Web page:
On the one hand, when you find something, you normally get to keep and sell it as you want. On the other the Dead Sea Scrolls are ancient relics. Many governments lay claim to any such relics and then pay the finder for them. The questions are, of course, who determines how much to pay and should such relics be allowed to leave the country -- or even stay in a private owner's hands?
The family that found the scrolls is Palestinian. The Israeli government considers the scrolls a national treasure. Further complicating this situation, Jordanian and Palestinian governments have also laid claim to the scrolls.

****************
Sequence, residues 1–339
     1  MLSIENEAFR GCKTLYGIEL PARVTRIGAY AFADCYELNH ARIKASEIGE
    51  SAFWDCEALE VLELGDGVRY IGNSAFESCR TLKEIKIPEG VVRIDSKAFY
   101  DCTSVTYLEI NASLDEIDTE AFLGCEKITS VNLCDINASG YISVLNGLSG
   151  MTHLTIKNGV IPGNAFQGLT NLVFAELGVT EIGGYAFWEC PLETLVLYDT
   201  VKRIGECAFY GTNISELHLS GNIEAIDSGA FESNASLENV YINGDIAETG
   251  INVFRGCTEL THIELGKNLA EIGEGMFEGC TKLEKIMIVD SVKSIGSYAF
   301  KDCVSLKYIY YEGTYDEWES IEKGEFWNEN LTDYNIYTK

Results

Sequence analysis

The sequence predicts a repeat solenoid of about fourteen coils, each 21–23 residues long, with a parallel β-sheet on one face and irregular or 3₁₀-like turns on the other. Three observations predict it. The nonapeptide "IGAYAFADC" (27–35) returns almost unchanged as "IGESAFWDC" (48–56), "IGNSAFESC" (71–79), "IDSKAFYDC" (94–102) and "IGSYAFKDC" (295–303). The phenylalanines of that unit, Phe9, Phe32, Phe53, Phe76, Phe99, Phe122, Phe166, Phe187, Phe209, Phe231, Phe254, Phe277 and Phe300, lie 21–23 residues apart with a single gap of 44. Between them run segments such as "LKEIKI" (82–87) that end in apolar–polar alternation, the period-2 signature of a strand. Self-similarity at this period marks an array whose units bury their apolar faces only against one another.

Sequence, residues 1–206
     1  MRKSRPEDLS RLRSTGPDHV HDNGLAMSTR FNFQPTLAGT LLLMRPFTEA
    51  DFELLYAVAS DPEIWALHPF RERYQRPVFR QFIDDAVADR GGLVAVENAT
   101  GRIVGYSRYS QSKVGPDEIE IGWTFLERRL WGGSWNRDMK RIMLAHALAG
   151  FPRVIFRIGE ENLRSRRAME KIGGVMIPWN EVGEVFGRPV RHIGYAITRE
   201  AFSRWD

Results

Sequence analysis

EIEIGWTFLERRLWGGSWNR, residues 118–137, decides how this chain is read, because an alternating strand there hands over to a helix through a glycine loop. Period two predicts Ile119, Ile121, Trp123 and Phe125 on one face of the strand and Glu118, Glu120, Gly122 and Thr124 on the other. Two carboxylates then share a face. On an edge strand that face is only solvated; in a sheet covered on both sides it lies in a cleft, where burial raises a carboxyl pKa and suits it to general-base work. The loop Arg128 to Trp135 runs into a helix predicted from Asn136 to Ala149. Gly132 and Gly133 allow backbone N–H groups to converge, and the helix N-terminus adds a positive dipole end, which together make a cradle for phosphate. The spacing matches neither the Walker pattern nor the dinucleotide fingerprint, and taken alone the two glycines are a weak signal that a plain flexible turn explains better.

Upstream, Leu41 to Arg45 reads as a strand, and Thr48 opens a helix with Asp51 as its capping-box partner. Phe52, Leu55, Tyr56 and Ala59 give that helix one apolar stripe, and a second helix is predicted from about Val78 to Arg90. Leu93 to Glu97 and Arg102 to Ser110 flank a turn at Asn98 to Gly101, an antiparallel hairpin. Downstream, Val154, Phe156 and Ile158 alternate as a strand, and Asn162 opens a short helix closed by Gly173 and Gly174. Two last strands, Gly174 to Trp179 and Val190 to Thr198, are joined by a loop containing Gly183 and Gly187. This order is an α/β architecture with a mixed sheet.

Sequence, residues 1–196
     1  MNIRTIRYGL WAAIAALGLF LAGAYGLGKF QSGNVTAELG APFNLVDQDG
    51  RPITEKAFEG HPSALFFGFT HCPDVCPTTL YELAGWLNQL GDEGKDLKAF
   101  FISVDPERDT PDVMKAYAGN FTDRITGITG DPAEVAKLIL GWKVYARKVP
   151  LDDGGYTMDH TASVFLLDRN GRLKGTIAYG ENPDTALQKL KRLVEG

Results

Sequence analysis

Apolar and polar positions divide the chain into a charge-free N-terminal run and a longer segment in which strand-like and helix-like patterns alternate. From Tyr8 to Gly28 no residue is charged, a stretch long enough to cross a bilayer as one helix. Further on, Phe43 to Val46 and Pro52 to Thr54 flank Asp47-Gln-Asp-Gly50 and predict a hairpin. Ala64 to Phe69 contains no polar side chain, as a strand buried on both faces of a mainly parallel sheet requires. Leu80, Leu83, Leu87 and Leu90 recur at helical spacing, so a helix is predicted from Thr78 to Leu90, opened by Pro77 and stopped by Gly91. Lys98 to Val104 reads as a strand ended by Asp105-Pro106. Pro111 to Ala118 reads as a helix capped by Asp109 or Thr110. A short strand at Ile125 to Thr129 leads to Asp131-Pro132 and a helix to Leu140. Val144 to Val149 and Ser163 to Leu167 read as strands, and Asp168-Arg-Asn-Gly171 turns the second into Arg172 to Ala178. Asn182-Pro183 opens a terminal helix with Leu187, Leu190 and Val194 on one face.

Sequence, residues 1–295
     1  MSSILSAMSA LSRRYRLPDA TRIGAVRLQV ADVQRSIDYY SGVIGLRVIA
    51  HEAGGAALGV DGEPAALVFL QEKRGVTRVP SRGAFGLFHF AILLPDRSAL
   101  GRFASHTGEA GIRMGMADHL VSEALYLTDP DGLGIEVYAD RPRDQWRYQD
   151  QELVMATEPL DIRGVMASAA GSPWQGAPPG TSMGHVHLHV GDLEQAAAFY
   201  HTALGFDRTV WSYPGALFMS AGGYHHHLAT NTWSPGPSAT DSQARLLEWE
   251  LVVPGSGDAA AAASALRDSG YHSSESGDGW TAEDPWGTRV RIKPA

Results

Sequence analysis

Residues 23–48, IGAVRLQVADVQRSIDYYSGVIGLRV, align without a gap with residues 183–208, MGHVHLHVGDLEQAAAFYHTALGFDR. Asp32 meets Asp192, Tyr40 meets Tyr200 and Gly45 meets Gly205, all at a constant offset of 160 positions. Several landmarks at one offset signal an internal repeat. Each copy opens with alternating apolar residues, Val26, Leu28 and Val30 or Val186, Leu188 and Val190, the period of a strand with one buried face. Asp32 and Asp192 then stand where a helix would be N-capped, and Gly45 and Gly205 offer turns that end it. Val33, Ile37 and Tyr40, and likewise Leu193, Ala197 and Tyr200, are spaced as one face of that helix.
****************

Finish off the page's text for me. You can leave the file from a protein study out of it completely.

The owner says his family offered to sell them to the government but that they could not afford them. Should finders of ancient relics be allowed to put a financial "squeeze" on a country for its national treasures?
- Fragments of Biblical Treasure for Sale (ABC News)